Today is/would have been my mother’s 70th birthday.
And now I’m stuck on tense: past or present? The date, after all, remains the same, no matter what — it is her birthday, even if she’s not here to celebrate it. Let’s stick with is, then, go with the present in all its meanings, the gifts she gave me and the ways in which they still, always, enrich my life.
Like this painting, the first piece of art I ever bought and still one of my favourites (although that doesn’t say much: all the art is all my favourites, but especially this one).
The year 2000, living on Trinity Bellwoods Park, off Queen West in Toronto, surrounded by galleries when they could still afford the rent. And I’d been hankering, the urge building slowly but powerfully, to buy a painting. Dana Holst had a show at the Angell Gallery right on the corner of my street, and I remember walking in the day before it opened, on my way home from some errand, and being transfixed by Holst’s glowing, creepy babies and angry children, those girls floating on their black backgrounds, and wondering if (ha!) $500 was too much — even possible — for a single, huge, work, if I could be part of that world. That show sold out within days, without me.
I remember talking to my mother about it, saying, “I like this painting, but I really don’t know if I should spend the money.” I think I had expected her to nod in sympathy, to counsel me to be prudent, conservative, with my cash, to spend it on something more practical than art.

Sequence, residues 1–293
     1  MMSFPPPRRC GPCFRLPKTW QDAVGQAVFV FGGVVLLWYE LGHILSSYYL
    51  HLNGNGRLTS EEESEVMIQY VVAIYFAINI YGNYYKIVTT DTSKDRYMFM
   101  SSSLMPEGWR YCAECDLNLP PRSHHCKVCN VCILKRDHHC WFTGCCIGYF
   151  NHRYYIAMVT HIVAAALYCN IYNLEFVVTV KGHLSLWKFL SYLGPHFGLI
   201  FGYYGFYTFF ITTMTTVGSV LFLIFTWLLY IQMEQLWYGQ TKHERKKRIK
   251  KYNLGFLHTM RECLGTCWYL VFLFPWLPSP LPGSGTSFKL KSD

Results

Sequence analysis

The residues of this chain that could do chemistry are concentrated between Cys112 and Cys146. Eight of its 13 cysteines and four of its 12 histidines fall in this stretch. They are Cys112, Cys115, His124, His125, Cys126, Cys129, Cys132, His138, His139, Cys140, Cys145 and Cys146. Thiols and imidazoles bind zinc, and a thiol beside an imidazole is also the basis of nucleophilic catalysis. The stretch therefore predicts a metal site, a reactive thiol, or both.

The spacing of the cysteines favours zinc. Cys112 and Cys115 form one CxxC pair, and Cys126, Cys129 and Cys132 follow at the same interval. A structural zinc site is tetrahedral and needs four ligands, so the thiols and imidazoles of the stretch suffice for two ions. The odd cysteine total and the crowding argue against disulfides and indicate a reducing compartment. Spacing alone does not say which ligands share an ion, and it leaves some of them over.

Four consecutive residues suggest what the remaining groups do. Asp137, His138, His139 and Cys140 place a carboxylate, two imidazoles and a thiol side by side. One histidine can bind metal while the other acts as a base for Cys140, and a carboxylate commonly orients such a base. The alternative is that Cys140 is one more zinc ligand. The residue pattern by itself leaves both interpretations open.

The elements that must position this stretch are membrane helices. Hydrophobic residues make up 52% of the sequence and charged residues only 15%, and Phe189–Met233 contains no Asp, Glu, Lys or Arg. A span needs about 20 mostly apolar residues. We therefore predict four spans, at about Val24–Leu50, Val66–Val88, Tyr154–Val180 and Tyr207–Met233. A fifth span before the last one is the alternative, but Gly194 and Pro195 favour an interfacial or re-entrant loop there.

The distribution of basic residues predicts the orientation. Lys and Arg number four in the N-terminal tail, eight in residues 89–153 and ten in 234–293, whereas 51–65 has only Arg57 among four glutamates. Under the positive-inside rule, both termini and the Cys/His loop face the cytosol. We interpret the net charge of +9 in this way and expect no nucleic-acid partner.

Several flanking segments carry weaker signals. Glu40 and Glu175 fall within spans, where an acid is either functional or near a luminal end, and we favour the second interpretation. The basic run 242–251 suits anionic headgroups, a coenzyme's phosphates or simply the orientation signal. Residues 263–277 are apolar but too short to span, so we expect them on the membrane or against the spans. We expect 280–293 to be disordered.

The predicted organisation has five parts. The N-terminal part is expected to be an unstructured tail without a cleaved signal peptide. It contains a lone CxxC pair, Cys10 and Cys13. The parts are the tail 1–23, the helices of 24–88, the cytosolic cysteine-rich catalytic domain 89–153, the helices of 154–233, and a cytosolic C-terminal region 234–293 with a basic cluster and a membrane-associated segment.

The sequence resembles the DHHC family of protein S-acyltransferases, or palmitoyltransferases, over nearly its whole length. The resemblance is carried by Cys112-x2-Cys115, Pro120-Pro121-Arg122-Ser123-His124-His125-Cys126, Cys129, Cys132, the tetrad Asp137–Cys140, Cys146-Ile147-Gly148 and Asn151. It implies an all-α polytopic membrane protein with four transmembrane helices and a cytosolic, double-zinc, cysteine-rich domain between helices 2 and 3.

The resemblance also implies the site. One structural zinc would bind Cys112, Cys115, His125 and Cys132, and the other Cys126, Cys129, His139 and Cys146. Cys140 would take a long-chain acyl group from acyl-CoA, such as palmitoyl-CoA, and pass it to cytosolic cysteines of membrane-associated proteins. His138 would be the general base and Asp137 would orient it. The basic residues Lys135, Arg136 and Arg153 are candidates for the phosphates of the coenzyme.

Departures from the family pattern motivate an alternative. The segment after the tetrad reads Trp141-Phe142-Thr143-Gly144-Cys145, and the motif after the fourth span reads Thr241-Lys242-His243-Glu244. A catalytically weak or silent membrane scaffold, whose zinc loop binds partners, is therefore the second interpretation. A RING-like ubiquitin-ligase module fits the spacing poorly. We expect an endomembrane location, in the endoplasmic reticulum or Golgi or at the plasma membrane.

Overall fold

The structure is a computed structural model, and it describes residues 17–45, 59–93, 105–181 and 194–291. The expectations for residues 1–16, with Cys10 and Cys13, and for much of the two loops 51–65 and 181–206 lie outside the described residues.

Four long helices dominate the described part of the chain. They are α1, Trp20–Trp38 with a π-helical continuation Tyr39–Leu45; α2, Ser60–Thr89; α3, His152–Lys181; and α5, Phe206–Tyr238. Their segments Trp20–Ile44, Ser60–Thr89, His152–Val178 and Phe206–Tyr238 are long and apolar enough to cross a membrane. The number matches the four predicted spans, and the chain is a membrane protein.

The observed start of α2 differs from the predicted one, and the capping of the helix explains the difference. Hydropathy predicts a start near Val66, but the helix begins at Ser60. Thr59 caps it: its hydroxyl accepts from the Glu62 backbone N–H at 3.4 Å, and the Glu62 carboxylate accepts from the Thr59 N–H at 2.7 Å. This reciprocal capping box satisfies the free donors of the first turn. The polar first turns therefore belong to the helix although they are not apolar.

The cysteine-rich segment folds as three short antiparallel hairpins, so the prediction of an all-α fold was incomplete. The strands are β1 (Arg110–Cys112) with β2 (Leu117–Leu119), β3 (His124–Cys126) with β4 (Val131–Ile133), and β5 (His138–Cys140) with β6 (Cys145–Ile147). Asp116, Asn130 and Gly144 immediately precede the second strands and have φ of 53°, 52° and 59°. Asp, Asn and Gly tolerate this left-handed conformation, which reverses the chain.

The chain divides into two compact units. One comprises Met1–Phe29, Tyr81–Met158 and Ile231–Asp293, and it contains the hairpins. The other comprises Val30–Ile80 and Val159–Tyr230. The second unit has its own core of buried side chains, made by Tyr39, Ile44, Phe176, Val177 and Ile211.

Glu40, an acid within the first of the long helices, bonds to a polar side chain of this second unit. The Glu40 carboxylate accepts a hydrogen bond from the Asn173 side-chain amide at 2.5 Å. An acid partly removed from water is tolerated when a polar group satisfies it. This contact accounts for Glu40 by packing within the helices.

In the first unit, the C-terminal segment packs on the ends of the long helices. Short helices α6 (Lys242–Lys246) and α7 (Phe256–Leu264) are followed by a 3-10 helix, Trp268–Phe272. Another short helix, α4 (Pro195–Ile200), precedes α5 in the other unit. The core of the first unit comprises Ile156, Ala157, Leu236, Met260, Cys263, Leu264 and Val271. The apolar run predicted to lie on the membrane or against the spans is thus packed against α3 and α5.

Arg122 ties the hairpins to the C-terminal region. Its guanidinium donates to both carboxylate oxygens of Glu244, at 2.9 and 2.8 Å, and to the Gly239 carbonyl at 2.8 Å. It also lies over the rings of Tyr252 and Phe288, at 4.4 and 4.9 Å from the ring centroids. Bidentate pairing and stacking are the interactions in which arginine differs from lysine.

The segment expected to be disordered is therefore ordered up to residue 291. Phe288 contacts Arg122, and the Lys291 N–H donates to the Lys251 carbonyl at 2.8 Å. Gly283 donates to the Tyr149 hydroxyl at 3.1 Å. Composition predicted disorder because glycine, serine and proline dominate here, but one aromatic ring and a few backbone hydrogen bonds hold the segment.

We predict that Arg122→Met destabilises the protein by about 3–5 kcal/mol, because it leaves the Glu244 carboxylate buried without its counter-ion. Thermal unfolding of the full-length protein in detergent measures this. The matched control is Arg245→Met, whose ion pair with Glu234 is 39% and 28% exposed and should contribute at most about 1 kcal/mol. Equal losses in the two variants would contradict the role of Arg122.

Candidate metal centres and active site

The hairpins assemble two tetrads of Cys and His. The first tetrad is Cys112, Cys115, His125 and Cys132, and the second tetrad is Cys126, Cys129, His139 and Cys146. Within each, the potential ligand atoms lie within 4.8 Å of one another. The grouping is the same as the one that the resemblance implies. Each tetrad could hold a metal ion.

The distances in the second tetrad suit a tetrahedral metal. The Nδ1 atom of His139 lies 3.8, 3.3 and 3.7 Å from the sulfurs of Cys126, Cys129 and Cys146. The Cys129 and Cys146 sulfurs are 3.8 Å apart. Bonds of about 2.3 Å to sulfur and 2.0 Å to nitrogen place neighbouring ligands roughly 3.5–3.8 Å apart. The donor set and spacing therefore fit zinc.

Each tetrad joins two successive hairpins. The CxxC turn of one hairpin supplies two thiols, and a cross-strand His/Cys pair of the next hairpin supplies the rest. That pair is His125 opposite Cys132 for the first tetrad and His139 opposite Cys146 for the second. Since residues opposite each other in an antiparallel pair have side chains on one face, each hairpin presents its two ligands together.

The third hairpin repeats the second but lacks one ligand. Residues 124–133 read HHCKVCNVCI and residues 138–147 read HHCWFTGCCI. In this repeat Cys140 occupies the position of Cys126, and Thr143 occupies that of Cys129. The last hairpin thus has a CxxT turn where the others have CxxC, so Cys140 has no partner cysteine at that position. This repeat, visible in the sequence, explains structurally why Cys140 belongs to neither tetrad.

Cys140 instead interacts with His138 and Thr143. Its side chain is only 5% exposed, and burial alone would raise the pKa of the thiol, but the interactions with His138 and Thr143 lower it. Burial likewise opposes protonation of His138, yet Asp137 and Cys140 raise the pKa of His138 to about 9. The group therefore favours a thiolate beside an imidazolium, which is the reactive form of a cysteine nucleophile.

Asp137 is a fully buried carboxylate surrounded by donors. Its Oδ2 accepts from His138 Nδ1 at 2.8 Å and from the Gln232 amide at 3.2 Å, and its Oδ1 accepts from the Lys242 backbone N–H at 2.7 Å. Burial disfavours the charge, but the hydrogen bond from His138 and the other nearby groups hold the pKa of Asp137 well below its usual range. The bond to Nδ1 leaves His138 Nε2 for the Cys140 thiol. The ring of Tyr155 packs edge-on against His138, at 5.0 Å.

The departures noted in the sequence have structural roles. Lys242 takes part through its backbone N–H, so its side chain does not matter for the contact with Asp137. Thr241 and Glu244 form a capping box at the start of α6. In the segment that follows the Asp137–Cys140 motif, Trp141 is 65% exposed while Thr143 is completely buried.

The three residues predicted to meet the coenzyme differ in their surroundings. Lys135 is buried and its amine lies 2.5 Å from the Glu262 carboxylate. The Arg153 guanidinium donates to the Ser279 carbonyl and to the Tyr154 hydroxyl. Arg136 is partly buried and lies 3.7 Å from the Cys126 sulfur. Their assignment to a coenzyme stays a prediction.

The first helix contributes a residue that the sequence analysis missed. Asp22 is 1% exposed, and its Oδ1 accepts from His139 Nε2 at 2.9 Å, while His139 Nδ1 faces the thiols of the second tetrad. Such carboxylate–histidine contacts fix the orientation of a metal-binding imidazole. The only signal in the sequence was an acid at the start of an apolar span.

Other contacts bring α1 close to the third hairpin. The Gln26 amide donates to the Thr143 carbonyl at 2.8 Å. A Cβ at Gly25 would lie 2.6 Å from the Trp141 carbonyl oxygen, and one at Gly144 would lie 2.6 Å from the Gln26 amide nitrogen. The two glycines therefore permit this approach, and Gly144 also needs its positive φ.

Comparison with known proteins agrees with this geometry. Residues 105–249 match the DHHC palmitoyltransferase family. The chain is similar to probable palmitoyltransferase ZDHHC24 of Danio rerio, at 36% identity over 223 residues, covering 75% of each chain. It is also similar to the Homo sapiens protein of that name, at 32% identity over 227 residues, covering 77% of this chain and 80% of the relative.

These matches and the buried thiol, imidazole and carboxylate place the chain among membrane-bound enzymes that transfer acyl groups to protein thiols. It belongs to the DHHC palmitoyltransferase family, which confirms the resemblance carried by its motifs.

But she said, “Of course you can afford it. Always buy art, especially if it speaks to you.”
And so, I made an appointment to visit Shaan Syed at his tiny, cramped studio space somewhere near Queen and Parliament. Shaan was maybe in his mid-20s. He’d been a roommate of a good friend of mine in Montreal, and I’d been taken with his work whenever I visited. He’d just finished this painting, one in a series about swimmers. And there was something, again, about the way that girl glowed, hovering in midair in her striped bathing suit and water wings, that captivated me. The canvas wasn’t quite dry. He’d painted over a different painting, Shaan explained, one of him and two friends at day jobs they’d held while trying to make it as artists — in the bottom right-hand corner, you could still see the vague outline of the paint roller he’d held in the underpainting. I love knowing that detail.
Reader, I bought that painting, with the word “heroine” etched into the paint at its top. You can barely make it out, but I know it’s there.
And she hovers, now, my water-winged angel, over the desk in the back hall on the main floor of my house, looking out onto us, looking out for us, as we cook and eat and clean and play and come and go. She’s a gift to myself, from my mother, a constant reminder of what’s important, what to value, what you can never lose even in the spectre of its absence. That's where my mother is, etched into my soul — always is, has been, now and forever.